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Les procédés de la fabrication additive

Découvrez le processus général de la fabrication additive, de la conception à la pièce finale pour les novices en impression 3D.

The Additive Manufacturing Process

Let's start with the basics

Additive manufacturing (often referred to as rapid prototyping or 3D printing) is a method of manufacturing where layers of material are built up one at a time to create a solid object. While there are many different additive manufacturing and 3D printing technologies out there, this article will focus on the general process from design to the final part.

Whether the final part is a quick prototype or an end-use functional part, the general process does not change significantly. Let's get into it.

From initial CAD design to 3D printed part the additive manufacturing follows a general series of steps

How do you design manufacturable models in CAD?

Producing a digital model is the first step in the additive manufacturing process. The most common method for producing a digital model is by using computer-aided design (CAD). There is an extensive range of free and professional CAD programs that are compatible with additive manufacturing technologies. Reverse engineering can also be used to generate a digital model via 3D scanning.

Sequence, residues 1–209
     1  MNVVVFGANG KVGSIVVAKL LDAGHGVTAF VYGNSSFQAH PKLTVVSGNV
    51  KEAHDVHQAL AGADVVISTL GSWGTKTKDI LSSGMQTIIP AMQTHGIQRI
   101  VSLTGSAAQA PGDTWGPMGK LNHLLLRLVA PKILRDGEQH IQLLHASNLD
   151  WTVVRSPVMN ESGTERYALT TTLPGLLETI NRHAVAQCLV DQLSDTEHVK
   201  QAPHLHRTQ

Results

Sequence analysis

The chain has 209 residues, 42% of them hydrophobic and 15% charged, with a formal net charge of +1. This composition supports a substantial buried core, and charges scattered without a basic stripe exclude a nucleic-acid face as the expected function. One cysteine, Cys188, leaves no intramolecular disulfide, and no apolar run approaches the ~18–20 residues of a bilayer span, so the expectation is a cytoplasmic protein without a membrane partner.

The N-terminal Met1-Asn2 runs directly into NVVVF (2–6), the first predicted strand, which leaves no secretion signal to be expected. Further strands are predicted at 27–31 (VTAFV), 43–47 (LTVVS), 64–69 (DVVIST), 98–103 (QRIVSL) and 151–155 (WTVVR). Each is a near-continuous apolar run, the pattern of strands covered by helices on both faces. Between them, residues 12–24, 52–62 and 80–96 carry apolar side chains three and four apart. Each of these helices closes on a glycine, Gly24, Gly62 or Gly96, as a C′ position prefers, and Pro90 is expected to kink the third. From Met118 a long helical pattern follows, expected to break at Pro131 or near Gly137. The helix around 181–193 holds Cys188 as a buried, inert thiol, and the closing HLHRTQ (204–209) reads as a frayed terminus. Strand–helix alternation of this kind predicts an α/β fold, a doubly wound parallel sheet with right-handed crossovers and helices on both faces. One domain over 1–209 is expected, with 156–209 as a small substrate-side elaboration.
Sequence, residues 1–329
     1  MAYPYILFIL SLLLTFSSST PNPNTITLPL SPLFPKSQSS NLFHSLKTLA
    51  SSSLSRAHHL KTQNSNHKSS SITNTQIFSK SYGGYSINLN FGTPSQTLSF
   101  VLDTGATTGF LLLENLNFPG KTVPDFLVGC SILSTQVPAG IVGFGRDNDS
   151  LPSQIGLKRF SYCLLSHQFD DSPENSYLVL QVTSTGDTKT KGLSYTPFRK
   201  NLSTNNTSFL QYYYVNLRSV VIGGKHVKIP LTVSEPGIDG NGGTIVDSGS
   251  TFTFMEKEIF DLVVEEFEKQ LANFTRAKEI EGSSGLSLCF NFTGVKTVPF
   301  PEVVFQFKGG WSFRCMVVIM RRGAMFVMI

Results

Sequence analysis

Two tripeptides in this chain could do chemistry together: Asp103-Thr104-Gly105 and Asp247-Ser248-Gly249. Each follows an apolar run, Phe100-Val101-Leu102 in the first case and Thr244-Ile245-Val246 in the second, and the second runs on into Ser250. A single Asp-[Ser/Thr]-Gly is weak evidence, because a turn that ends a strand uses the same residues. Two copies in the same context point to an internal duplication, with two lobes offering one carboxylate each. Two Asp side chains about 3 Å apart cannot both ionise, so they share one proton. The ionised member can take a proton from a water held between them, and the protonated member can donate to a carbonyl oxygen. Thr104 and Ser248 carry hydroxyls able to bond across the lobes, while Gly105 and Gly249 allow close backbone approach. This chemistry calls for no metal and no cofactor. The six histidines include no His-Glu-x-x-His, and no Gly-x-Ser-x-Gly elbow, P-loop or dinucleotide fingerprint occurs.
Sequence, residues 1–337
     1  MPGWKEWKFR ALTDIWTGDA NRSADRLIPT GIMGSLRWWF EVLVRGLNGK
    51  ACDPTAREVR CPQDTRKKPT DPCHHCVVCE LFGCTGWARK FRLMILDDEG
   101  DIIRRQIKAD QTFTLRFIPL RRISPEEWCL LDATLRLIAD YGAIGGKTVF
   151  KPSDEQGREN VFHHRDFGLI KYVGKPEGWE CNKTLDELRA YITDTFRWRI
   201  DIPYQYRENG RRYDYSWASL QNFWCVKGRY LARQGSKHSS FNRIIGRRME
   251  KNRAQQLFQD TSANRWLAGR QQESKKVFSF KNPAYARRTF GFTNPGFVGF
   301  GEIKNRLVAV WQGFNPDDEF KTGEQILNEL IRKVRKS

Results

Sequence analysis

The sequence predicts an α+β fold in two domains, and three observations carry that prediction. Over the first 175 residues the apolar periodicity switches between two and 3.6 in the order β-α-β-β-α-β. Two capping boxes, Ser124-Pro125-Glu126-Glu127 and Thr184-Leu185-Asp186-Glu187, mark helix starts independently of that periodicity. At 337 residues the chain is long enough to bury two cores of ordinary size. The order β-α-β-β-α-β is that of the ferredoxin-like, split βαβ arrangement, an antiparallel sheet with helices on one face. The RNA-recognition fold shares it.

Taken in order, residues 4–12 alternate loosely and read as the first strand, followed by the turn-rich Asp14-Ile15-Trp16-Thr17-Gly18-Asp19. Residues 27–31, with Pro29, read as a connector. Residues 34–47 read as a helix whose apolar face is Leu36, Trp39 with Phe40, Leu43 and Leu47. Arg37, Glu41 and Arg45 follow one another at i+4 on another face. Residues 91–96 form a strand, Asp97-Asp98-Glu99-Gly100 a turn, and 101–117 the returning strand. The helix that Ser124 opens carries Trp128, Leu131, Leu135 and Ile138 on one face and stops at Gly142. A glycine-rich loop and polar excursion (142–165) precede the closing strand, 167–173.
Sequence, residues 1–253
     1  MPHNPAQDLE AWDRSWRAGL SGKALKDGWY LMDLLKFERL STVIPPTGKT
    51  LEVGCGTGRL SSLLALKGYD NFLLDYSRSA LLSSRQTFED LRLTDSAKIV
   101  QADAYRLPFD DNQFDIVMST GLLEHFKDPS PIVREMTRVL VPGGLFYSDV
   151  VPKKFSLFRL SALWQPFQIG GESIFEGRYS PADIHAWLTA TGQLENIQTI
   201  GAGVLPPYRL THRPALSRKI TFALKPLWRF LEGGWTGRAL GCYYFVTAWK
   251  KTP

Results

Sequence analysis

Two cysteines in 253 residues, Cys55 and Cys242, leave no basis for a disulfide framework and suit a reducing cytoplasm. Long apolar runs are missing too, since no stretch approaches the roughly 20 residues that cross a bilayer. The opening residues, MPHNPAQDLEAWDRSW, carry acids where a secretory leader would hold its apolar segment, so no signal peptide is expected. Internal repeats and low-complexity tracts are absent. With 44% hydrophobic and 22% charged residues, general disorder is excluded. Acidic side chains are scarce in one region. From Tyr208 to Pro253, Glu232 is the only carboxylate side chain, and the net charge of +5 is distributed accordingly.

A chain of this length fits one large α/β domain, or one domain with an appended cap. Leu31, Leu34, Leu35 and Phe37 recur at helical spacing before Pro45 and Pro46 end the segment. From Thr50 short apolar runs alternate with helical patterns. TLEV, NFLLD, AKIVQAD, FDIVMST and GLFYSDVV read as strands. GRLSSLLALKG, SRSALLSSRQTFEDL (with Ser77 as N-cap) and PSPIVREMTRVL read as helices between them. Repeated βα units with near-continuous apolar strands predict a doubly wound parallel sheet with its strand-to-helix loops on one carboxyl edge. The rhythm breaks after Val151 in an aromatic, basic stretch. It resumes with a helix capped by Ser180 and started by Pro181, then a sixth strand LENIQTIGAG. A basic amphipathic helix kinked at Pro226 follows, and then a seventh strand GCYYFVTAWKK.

There are several design considerations that must be evaluated when designing digital models for additive manufacturing. These generally focus on feature geometry limitations and support or escape hole requirements, to name a few. Factors like these tend to vary by technology, so it’s essential to brush up on them.

What are STL conversion and file manipulation?

A critical stage in the additive manufacturing process that varies from traditional manufacturing is the requirement to convert a CAD model into an STL (stereolithography) file. STL uses triangles (polygons) to describe the surfaces of an object. A guide on how to convert a CAD model to an STL file can be found here

There are several model limitations that should be considered before converting a model to an STL file, including the model’s physical size, water tightness and polygon count.

Once an STL file has been generated, the file is imported into a slicer program. This program takes the STL file and converts it into G-code, a numerical control (NC) programming language. It’s used in computer-aided manufacturing (CAM) to control automated machine tools (including CNC machines and 3D printers). The slicer program also allows the designer to customize the build parameters including supports, layer height, and part orientation.

How do additive machines produce custom parts?

Additive manufacturing machines (3D printers) comprise many small and intricate parts so correct maintenance and calibration are critical to producing accurate prints. 

The raw materials used in additive manufacturing often have a limited shelf life and require careful handling. While some processes offer the ability to recycle excess build material, repeated reuse can reduce material properties if not regularly replaced.

Most additive manufacturing machines don’t need to be monitored after the print has begun. The machine will follow an automated process and issues generally only arise when the machine runs out of material or there is an error in the software. An explanation of how each of the different additive manufacturing printers produces parts can be found here.

A freshly printed component that still has support structures prior to post-processing